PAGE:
This is known as “submarining” and is a practice the EC is keen to stamp out. It has even sent an investigative team to Bangladesh, where a large amount of the promotional clothing found in Europe originates. Bangladesh is on the GSP list, but only locally woven garments are eligible. The EC charges a duty of 12 to 14 per cent on non-local clothing exported from the country, and the delegation is investigating claims that Bang-ladesh suppliers are providing false GSP details.

Sourcing products from countries that enjoy special import terms is only one factor in determining the final unit cost of promotional merchandise. Demands by the sourcing companies’ clients that manufacturers have satisfactory quality control, health and safety, and environmental procedures in place at their factories, can also determine the ultimate budget.

It is essential that products are of sufficient quality to pass any national legislation and consumer tests once they arrive in Europe. Consequently, prior to any orders being secured, most sourcing companies will independently test any merchandise in their own laboratories and visit a factory to ensure working conditions are acceptable and that child labour is not being used. Staff are also in regular contact with the Department of Trade & Industry and the EC in case import legislation or quota levels are changed.

All this should reassure marketing directors concerned about the quality of promotional products manufactured in the Far East. Yet product safety and factory working conditions are not the only considerations.

Companies planning a Europe-wide promotion, for example, must be aware of different environmental laws. A misunderstanding about which materials can be used in the production of, say, T-shirts could result in merchandise being banned in one or more countries.

Germany has become the first European Union country to ban azo dyes from any item which may be in prolonged contact with the skin. The ruling originally related only to clothing and footwear, but was extended to include any product likely to touch the skin. This means companies sourcing garments and sports bags must know which manufacturers are using non-azo dyes if products are destined for Germany.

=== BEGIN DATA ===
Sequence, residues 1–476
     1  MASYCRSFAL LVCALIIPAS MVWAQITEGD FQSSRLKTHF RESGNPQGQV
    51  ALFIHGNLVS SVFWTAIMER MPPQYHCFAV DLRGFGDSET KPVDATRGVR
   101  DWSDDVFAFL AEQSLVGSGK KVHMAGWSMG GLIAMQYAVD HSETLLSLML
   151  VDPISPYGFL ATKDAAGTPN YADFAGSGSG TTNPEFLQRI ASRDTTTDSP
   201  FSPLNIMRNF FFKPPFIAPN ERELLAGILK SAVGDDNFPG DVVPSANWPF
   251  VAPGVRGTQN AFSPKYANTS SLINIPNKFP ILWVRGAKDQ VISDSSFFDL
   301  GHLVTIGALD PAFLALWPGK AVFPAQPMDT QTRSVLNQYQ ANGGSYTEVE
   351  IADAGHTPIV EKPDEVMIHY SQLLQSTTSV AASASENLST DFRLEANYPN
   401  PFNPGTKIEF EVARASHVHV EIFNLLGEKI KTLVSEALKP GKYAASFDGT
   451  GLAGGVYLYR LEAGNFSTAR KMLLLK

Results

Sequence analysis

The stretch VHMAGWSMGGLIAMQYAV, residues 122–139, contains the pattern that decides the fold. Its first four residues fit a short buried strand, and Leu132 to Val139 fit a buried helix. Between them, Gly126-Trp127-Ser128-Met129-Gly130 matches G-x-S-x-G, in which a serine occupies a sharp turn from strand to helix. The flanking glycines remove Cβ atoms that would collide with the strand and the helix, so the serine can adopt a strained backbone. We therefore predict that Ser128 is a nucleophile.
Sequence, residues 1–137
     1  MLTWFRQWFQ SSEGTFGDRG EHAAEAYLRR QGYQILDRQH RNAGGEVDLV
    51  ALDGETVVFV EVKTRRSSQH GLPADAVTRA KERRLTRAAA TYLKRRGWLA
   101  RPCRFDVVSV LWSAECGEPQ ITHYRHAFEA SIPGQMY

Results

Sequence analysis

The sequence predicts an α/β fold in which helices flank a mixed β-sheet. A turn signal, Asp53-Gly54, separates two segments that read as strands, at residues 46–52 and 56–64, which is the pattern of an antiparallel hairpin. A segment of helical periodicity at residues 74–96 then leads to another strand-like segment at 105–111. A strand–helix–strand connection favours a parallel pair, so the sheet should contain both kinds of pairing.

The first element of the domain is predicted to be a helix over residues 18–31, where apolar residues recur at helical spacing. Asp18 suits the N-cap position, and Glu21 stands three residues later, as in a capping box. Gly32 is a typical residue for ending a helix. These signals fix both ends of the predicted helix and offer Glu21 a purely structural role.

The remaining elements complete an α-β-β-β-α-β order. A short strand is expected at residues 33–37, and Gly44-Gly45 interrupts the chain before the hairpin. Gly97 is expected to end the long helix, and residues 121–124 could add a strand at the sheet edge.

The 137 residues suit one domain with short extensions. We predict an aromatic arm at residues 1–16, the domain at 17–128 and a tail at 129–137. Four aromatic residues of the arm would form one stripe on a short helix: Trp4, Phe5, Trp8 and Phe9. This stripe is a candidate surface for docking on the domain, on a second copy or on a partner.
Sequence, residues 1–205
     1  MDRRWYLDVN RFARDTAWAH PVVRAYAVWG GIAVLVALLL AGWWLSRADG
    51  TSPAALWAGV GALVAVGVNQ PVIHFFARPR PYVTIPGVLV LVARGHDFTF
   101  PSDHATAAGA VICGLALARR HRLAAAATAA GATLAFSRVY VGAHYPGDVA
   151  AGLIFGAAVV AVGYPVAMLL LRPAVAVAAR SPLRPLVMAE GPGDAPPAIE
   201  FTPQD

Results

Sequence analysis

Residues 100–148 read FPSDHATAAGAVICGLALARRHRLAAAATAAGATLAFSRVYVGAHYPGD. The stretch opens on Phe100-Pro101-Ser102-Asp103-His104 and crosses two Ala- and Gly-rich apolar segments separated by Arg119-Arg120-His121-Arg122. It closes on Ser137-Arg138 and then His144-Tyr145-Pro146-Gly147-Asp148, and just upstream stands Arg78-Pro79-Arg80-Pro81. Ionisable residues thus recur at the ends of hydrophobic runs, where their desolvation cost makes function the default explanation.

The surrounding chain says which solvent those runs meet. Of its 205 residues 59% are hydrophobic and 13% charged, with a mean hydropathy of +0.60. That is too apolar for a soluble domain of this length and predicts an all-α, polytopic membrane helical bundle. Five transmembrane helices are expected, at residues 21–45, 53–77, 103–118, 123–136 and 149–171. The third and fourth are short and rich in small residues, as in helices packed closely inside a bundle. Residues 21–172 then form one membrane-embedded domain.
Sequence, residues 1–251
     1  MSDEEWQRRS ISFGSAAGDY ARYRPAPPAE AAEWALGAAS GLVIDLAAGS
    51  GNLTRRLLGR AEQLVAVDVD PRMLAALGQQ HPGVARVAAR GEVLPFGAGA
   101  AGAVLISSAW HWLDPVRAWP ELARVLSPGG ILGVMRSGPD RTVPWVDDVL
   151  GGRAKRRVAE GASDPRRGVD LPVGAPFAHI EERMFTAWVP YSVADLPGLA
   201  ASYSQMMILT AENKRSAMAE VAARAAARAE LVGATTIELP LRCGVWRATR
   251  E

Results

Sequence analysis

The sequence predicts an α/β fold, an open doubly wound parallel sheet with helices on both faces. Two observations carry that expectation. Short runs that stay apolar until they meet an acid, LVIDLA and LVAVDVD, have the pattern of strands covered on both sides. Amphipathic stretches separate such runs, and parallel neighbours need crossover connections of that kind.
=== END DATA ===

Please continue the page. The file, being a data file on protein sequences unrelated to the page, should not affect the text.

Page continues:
Similarly, Sweden has banned the use of the potentially poisonous chemical cadmium as a colouring agent in plastics and paints. European toy safety law stipulates that a small level of soluble cadmium can be used, but Sweden is so far the only country to outlaw cadmium totally on environmental grounds.

Other impending Green legislation being introduced by the EC includes packaging regulations demanding that as much as 60 per cent of the material used is recyclable, while there is increasing pressure to ensure that the wood used for gift boxes comes from managed forests.

Alan Kahya, chairman of premium promotion specialist Supre-mia International, says marketing directors can avoid any confusion by restricting themselves to suppliers who work to the quality standard ISO 9002. “An inspection of our own ISO 9002 manual would de-monstrate our knowledge of any concerns a client might have and cover other areas, such as patents and intellectual property rights,” he says.